Well, my plans of a regular blog of this trip were thwarted by the fact that the southern half of Shikoku and the wifi network are apparently strangers to one another. I suppose it may have been easier to get online had we been sleeping in lovely, comfortable, soft, clean, yummy hotel beds but we were not. Since Kochi we have only had two nights paid accommodation - in a ryokan in Uwajima - which had no internet connection. The remainder of the time we have been sleeping in the tent or in other free accommodation and all our efforts (aside from the obvious walking stuff) have been devoted to finding somewhere to wash and satisfying more-or-less continual hunger pangs rather than Facebook and blogging.
|Communications are not|
always cutting edge
Refreshed after our stay in the hotel we caught the train back to Temple 28, Dainichi, to resume our walk. This was going to be a special day for us. When we set out to cycle the pilgrimage last September, it was at Kochi that we admitted, after a huge argument, that we had had enough and had given up the pilgrimage. Today we would walk past the place we had given up. This time we felt completely different and I realised how glad I was that Mick had suggested we come back to Shikoku and give ourselves and the pilgrimage another chance.
Between Temple 29 and 30 we reached 'give up hut'. It was here last year that the guidebook had been flung into a clump of bamboo trees and then had to be fished out again by Mick dangling me off the side of the road. We had hung up our henro jackets in the hut and cycled off without a second look back. Now we stopped at the hut for photos and a celebratory segment of orange before jauntily heading on to the next temple in fine fettle.
|At 'give up' hut. Not giving up. Not yet anyway.|
as I mentioned last year and which I'll talk about again in a later post. It's one of the things that makes this walk so special). She asked where we were headed and when we explained she pointed at the map and at the road and we thought she said (in Japanese) 'Oh but the ferry isn't running today, you'll need to walk over the bridge.'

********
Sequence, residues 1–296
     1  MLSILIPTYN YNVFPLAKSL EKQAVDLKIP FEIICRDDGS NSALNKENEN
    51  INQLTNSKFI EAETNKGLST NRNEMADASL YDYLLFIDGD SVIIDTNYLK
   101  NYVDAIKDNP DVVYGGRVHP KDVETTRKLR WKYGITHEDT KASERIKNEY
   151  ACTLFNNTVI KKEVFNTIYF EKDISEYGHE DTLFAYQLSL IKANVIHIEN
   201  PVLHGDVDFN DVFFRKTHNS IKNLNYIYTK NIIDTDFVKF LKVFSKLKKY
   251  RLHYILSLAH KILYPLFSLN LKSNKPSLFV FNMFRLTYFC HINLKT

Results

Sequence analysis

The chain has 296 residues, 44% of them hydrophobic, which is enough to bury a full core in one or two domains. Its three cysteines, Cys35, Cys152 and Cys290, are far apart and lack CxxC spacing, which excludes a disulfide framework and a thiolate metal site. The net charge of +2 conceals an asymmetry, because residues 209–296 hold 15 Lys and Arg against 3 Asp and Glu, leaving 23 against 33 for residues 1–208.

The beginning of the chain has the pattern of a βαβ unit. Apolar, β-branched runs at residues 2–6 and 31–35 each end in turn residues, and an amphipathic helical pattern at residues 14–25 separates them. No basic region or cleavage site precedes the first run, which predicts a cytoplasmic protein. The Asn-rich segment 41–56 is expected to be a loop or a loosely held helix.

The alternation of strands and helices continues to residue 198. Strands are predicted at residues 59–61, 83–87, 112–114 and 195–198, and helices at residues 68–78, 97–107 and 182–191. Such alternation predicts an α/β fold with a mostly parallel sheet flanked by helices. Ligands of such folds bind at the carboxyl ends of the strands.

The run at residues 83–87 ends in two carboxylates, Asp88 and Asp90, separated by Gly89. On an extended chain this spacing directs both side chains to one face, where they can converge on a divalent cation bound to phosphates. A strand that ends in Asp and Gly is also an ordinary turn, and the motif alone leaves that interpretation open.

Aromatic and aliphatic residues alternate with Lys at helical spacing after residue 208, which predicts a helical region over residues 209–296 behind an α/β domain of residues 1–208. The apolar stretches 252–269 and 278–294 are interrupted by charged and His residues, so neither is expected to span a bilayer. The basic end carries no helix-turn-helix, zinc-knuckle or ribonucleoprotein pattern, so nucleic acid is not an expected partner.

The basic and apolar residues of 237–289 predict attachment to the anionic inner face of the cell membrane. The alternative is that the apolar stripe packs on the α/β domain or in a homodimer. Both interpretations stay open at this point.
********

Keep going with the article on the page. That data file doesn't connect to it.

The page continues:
We changed course and headed for the bridge. We had not walked far on it before we realised that we were in immediate risk of death or serious injury. The 'pavement' was only inches wide and our heads exactly level with the wing mirrors of the countless lorries that were thundering past us. Feeling panicky I looked down only to see the ferry chugging merrily out of the port below. More oaths of the non-pilgrim sort were uttered before we retreated from the scary bridge to wait an hour for the next boat. What the woman had actually said to us we never did discover.
That evening it was gone five o'clock and we sat outside a convenience store on a little wall debating where to stop for the night. A man on his bicycle stopped and asked us where we would camp. We said we didn't know and he told us to go up to Temple 35 and ask the head monk for the tatami room. The heady scent of orange blossom filled the air as we climbed the steep winding path to the temple in the fading light, passed on the way by the last pilgrims of the day as they made their way back down. It had been good advice - the temple was beautiful and the facilities provided were excellent - a private room to sleep, a large seating area and a sink and kettle, all for free. And in the morning we watched the first light enter the valley below from the terrace below the temple with no sound except the singing of birds. I sat for a long time by the fishpond, watching pond skaters delicately crossing the water and a spider catching a fly in its web.